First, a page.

A letter about Medicaid expansion that Gov. Bill Haslam sent to Washington this week is "simply the latest in a series of farces," according to a leading Democratic state legislator.
"It's more of the same hand-wringing, ducking and dodging we've come to expect from this administration, all in an attempt to absolve themselves of the worst moral and mathematical failure in a generation — denying health care to 330,000 working Tennesseans," said House Democratic leader Craig Fitzhugh of Ripley.
But the federal agency overseeing state Medicaid expansions as part of the Affordable Care Act welcomes continued dialogue with Gov. Bill Haslam, a spokesman for the U.S. Department of Health and Human Services said.
"We welcome continued conversations with Tennessee about developing a state-based solution that meets both the state's unique needs and the requirements of the Medicaid program, while providing much needed coverage to thousands of Tennesseans," said Fabien Levy, press secretary for the agency. "HHS stands ready to work with states to explore options that improve care and lower costs in the Medicaid program."
Halsam released to the public Monday a letter laying out his thoughts on expanding Medicaid in the state. The governor in March announced that he would delay any decision while talks continued with the federal agency. The letter recaps discussions between Tennessee and federal officials and points out some sticking points in negotiations but offers no new suggestions.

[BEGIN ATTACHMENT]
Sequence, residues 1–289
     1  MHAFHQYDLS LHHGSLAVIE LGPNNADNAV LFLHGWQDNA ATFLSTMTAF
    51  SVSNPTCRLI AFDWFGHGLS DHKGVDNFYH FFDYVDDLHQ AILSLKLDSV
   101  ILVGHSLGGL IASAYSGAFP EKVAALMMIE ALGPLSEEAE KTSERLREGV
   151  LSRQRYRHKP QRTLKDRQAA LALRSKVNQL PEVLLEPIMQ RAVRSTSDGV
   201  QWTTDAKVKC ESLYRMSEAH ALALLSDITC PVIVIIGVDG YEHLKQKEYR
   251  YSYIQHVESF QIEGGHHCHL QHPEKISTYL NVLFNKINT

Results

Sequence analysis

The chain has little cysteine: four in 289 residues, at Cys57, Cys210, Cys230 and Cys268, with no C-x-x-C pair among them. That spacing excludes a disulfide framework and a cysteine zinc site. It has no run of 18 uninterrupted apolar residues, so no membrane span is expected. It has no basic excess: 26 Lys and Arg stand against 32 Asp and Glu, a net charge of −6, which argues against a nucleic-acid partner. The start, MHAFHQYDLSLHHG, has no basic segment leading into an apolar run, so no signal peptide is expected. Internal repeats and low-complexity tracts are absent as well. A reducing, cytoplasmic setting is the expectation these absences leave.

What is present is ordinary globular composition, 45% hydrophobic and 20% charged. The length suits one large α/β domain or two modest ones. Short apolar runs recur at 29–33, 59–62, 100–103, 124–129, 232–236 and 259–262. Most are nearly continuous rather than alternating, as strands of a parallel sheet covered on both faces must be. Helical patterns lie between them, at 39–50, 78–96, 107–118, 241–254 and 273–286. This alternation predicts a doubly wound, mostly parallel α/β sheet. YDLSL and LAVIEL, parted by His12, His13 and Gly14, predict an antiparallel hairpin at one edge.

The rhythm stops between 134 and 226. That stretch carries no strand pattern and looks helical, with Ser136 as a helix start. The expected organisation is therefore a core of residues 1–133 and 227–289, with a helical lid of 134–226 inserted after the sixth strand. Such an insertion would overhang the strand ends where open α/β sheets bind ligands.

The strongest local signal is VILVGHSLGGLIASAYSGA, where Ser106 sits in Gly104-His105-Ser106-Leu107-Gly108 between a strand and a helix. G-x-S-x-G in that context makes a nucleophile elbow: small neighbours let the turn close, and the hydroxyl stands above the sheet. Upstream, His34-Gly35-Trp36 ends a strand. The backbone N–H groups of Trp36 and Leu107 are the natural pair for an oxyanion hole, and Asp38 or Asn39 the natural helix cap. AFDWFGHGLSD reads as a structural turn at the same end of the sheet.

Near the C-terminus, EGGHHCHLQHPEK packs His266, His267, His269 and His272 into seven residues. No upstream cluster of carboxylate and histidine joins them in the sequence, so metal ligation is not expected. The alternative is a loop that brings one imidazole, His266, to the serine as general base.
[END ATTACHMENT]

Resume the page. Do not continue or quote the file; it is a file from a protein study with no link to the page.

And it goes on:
"Governor Haslam is seeking to offer lower-quality care to fewer people and still collect all the money allocated in the Medicaid expansion — that is not something that Secretary Sebelius has the power to authorize, and he knows that," said House Democratic Caucus Chairman Mike Turner. "If Governor Haslam is going to negotiate seriously with CMS on creating a 'Tennessee Plan,' it needs to be done in a way that both conforms to federal law and appreciates the economic, fiscal and moral blunder that would result from a decision not to expand Medicaid."
As governors throughout the country have announced their decisions on Medicaid expansion, Haslam has not taken a definitive action one way or the other. Governors moving forward with Medicaid expansion include the Republican governors of Arizona, Michigan and Ohio.
The federal government will pick up 100 percent of the costs of insuring people newly eligible for Medicaid through expansion of the state programs until 2016. It will then phase down to a permanent 90 percent matching rate in 2020.
The federal health law allows for expansion of Medicaid to individuals making $15,856 and a family of four with a household income less than $32,499.